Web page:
With October being the Breast Cancer Awareness Month, many survivors in the Saudi Arabia have broken their silence and are sharing stories of their successful battle against the disease.
Saudi Gazette spoke with several women who said that the main reason behind their recovery from breast cancer was hope.
One survivor, Jihan Ashmawi, is a member of the Zahra Association and holds a master’s in hospital administration. In 2007 she discovered, by coincidence, a strange lump in her breast. For more than a week she worried about where she should go and what she should do, especially considering that during that time, awareness of breast cancer was very low.
“I was afraid and I was not sure if it was breast cancer or not, because it appeared and disappeared,” Ashmawi said. “After a week I visited the radiology center and did the mammogram then the specialist asked me to do an ultrasound.”
After surgery, doctors started Ashmawi on two courses of chemotherapy.
“The first course was four sessions every three weeks, then 12 sessions every week which continued for three or four months,” she said.
After 25 sessions of radiation therapy, post surgery, Ashmawi started a course of biology medication from Germany, but could not continue as it affected her heart negatively.
After only 16 sessions out of 53 she had to stop, but she has now been taking heart medication and her condition is improving.
Ashmawi said breast cancer was a turning point in her life. It brought her closer to God, she changed priorities, and because of her hope, she considered her sickness a starting point for a new life.
One of her friends supported and encouraged her during her sickness to apply for her master’s, and after being accepted she wrote her thesis on breast cancer.
On the last day of her chemotherapy, Ashmawi gave her phone number to the nurse and told her to give the number to any new breast cancer patient who needed support or advice.
Eman Alnajar is a breast cancer survivor from Egypt who has been living in the Kingdom for the last 20 years.
On top of her son’s death in an accident, she discovered in 2013 that she had breast cancer.
“I was taking a shower, when I found a strange lump in my breast,” she said. “I was surprised because as a former TV reporter, I used to do reports about breast cancer and used to visit Abdullatif Cancer Screening Center. I visited the doctor in the center and had a mammogram, and then went to Dallah Hospital where I was told that I had breast cancer.”
Alnajar’s advice for any cancer patient is not to read about it online.
“The worst thing is to read from the Internet because the articles are demoralizing at best,” she said. “The information on the Internet makes you negative and it is not close to reality, since all the patient needs is strong volition.”
Alnajar’s tumor was very active and grew rapidly until it had become quite large, and so her doctor was forced to remove her breast.
She said that keeping hope and living an active life are some of the reasons why she has recovered from her breast cancer.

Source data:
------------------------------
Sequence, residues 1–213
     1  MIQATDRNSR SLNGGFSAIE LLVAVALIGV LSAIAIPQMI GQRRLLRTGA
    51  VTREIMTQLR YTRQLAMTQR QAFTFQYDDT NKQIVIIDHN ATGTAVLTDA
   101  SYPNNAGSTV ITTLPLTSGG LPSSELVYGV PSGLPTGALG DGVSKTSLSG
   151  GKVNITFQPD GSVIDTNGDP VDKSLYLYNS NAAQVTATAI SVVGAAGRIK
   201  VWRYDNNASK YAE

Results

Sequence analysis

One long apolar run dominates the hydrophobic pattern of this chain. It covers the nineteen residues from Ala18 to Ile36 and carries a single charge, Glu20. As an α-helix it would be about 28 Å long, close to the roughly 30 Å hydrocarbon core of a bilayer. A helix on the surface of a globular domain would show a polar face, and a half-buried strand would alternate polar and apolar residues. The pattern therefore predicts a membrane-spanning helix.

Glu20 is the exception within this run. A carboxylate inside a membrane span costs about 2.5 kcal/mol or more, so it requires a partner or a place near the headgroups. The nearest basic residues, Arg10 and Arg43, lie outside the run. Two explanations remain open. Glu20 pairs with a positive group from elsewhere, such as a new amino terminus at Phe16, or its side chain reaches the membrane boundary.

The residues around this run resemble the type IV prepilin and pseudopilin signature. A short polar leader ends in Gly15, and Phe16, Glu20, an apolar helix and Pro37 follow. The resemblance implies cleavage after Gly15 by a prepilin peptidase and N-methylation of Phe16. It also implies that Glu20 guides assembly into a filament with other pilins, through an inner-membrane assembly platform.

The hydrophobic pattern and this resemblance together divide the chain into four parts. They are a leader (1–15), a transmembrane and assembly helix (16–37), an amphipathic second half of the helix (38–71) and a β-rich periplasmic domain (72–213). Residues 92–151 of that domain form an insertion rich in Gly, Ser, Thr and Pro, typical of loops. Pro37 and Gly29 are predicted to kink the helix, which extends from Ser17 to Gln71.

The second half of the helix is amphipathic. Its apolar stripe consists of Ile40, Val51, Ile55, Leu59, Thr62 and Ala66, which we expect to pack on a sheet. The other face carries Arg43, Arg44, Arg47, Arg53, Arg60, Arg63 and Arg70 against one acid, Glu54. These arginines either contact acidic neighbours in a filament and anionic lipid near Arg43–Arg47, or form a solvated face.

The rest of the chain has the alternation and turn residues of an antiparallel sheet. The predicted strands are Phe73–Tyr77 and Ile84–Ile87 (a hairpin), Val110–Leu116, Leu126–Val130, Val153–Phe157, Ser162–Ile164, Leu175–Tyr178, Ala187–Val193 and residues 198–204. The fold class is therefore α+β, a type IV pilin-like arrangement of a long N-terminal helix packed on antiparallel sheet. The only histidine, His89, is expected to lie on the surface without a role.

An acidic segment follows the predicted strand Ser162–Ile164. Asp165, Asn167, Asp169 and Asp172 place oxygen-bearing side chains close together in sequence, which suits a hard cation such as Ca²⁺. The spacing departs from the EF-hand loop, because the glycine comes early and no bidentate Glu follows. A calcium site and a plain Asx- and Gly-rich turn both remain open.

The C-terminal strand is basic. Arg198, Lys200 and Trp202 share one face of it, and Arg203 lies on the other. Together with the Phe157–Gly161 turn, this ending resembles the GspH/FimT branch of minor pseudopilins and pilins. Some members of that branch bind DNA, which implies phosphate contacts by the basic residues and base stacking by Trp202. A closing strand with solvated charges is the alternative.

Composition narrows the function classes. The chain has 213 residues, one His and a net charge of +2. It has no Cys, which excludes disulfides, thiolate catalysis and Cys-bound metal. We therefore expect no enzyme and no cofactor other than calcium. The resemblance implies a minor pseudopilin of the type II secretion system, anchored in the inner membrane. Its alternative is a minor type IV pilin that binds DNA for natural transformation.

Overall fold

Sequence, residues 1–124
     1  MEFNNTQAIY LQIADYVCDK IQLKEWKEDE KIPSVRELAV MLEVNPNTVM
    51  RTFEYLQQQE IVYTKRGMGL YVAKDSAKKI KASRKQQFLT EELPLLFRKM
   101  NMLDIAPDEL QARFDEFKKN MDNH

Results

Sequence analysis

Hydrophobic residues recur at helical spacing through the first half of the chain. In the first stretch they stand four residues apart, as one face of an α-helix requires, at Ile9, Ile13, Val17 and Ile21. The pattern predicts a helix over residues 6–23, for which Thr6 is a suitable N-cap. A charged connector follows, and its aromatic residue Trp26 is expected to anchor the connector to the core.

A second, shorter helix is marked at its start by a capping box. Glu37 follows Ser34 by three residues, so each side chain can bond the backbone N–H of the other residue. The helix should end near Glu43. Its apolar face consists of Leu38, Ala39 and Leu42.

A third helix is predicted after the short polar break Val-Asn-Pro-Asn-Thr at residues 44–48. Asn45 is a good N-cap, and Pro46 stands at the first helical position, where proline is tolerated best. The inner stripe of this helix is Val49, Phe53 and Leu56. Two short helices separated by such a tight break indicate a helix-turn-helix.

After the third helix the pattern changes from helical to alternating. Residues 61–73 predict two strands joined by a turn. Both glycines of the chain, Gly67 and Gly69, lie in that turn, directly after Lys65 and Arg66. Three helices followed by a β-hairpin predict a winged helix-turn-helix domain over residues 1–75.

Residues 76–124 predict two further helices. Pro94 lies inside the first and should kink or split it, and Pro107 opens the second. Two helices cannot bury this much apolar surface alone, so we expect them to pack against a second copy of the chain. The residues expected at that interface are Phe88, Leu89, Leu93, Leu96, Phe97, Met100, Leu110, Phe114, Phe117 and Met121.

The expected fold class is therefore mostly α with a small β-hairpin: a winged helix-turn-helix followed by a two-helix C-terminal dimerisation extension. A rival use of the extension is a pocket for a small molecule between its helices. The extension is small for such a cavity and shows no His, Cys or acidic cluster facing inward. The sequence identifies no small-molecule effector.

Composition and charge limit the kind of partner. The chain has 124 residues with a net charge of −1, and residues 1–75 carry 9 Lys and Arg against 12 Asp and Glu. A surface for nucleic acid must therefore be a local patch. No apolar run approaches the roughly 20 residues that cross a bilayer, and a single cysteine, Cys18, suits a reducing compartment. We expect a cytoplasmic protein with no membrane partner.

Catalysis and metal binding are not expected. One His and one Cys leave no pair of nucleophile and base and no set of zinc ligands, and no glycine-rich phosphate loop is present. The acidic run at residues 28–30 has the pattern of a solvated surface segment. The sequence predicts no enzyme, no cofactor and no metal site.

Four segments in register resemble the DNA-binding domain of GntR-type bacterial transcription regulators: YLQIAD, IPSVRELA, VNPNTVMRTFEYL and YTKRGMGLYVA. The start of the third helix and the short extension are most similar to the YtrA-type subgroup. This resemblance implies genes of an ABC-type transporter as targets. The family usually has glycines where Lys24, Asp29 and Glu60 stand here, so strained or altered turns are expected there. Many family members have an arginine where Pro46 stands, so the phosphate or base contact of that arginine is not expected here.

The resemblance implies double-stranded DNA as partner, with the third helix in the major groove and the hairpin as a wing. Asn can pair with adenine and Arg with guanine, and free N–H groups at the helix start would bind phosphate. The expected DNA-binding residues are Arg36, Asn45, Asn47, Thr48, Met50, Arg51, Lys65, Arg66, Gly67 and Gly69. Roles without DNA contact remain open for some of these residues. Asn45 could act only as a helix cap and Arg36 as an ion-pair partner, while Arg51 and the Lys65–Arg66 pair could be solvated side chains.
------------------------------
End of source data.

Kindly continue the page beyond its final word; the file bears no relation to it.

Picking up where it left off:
After her first chemotherapy session, Alnajar said she knew she would survive, and that she talked positively to herself and had support from her doctor and family.
“I start to say to myself that I would not live with the illness, but the illness would live with me,” she said. “Because I love this life and I am active and I have a wonderful life, I will not give away all this to the sickness.”
She said thanks God she did not lose her hands or legs, and that she lost only a breast that can be replaced with alternatives.
Jawaher, who is 30 years old, is another Saudi breast cancer survivor working as a specialist at a hospital. She was diagnosed with breast cancer when she was just 27 years old.
“I was praying at night when my hand accidentally touched my breast and I felt a hard lump,” she said. “After finishing my prayer, I tried to discover what was this strange lump. In the morning I went to the hospital and after 48 hours the result was that I had breast cancer.”
Jawaher was diagnosed with three separate tumors in her breast, one of them 4 centimeters in size.
She first had eight sessions of chemotherapy before doctors removed her entire breast as well as the lymph glands in her armpit.
Jawaher, who also suffered from heart disease since she was a child, said her mother discovered her illness during the medication process and supported her a lot.
She did not want to inform her mother about her disease because Jawaher’s father before dying was a cancer patient for around 20 years.
Currently Jawaher is in a good health and does her check-ups every four months.
“I used not to meet or gather with my friends because they will know that I am sick and unfortunately, our society is not like the West, Jawaher said. “Our society perceives cancer as something wrong or horrible. They will always say that this person is unlucky and I did not want to hear any negative words that may affect my psychological condition.”